We’ve been planning a trip back to the States for this summer, looking forward to spending time with family and friends we only get to see once every few years. Of course, the reason we so seldom get to visit is the huge expense of international airfare for four. For us, it’s big money, and because we don’t own a credit card it’s something we have to pay in one lump sum.
So we finally bought our tickets, and all was well until one day I tried to buy groceries and my debit card was refused. What?!? I knew we had enough money in the account, but for some reason the card was declined. I called my husband, a bit panicked, only to be told that we must have hit our limit. Our limit? We have a limit? And then I remembered that this had happened once before, when we first moved to France and spent a lot of money in a short period of time buying furniture for our new apartment.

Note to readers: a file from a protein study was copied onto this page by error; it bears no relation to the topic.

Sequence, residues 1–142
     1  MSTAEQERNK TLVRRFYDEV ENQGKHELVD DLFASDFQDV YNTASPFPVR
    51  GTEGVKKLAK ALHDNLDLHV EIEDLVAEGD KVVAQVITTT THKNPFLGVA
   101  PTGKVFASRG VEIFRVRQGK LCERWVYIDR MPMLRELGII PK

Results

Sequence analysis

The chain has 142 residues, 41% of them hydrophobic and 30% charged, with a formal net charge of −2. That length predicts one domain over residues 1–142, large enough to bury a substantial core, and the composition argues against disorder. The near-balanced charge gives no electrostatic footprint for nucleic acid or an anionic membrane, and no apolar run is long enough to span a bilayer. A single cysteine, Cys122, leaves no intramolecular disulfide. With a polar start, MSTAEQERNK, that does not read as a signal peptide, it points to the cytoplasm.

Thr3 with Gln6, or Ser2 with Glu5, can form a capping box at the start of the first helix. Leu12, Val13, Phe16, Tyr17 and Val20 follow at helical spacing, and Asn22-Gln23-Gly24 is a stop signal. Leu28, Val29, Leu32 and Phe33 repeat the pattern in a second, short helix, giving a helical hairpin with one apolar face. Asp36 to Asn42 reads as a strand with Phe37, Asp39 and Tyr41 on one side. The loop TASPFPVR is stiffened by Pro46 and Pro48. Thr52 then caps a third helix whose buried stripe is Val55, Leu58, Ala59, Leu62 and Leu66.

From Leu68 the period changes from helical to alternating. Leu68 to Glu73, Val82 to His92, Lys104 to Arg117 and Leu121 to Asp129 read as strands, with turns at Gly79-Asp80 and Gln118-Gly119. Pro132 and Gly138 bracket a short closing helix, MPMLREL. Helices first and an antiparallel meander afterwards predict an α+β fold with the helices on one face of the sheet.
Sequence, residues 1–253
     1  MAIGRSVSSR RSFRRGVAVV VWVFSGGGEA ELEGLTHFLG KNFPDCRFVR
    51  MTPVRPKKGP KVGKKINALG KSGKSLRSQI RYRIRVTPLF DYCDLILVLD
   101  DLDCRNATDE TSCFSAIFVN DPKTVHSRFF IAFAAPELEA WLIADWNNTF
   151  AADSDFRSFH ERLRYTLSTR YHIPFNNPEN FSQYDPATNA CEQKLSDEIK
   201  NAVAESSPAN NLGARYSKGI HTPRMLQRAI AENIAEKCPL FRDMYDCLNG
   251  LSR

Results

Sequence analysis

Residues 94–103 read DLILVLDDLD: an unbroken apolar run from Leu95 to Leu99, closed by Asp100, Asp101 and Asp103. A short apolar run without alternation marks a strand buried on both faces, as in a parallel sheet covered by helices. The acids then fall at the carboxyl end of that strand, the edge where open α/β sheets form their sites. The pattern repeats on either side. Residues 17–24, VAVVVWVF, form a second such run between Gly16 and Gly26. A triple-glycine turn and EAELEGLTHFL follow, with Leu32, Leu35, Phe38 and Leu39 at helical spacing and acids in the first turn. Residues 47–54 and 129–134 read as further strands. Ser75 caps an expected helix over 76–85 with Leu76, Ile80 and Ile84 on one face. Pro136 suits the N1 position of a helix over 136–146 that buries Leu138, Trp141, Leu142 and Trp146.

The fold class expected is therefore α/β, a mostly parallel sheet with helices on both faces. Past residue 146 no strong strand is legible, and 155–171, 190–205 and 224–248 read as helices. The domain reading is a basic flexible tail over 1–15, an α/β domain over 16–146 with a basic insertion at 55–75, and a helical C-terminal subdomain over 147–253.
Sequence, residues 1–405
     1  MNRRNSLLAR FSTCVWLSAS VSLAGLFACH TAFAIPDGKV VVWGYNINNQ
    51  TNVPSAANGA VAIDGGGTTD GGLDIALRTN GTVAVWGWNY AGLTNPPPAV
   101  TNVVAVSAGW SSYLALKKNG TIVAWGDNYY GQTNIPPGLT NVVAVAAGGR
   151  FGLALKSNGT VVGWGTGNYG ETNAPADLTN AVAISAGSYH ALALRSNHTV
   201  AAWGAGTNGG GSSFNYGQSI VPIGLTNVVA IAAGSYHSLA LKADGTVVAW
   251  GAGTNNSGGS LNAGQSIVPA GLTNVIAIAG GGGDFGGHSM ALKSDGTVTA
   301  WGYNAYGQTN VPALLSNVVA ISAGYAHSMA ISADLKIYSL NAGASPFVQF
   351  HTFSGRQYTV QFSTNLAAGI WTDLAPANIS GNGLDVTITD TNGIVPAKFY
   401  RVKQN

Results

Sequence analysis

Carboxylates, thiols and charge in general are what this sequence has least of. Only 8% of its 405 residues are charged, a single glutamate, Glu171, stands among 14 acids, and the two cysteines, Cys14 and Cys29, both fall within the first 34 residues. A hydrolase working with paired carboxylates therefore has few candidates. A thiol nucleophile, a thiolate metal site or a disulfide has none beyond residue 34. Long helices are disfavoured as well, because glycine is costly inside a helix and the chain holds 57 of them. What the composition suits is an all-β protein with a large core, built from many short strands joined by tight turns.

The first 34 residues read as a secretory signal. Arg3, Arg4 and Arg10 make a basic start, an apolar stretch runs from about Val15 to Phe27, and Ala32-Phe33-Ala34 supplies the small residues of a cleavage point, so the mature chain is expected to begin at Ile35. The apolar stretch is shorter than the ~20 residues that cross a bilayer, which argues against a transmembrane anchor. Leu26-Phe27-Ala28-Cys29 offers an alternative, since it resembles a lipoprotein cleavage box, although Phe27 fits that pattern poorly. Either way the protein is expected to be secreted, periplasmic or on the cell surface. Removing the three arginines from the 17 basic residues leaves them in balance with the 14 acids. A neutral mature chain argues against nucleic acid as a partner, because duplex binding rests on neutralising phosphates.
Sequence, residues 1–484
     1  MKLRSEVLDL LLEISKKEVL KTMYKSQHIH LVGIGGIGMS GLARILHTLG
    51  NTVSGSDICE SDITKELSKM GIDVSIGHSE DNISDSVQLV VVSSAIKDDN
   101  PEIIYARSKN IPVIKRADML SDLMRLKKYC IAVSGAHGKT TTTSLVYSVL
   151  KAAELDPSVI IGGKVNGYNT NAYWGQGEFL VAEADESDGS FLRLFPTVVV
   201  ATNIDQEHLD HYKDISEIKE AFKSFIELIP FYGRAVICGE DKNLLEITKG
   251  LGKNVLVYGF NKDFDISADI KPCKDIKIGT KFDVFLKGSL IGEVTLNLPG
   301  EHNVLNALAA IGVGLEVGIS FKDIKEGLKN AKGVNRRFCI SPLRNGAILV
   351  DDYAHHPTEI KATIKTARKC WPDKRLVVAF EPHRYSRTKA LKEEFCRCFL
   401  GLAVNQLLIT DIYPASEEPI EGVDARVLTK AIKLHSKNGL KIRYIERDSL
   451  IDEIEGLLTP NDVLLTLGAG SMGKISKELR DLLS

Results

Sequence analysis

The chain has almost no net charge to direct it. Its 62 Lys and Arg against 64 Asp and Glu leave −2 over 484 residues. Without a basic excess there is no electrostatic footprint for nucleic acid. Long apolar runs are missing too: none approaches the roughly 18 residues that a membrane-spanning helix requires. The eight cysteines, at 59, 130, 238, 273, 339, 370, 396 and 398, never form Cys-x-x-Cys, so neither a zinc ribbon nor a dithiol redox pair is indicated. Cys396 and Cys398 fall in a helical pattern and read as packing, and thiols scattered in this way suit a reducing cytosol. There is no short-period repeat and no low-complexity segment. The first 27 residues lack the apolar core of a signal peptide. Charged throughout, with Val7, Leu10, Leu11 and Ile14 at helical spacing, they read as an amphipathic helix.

In France, debit accounts are subject to a plafond-a “ceiling”-which means you can only spend a certain amount of money (using your card) within a certain amount of time. It has nothing to do with how much money you actually have in the account. Does such a thing exist in the U.S., where consumers are encouraged to spend beyond their means? I can’t imagine it.
The whole situation was a big frustration for me, because I use my debit card for everything and hate having to get cash out. But it also leaves me wondering if I’m more or less frugal using only cash? I certainly don’t buy things as readily as I would with my card, since I’m counting every penny.
What about you? Have you ever had the experience of “hitting your limit”? Do you find that debit cards make buying what you want, when you want it just a little too easy?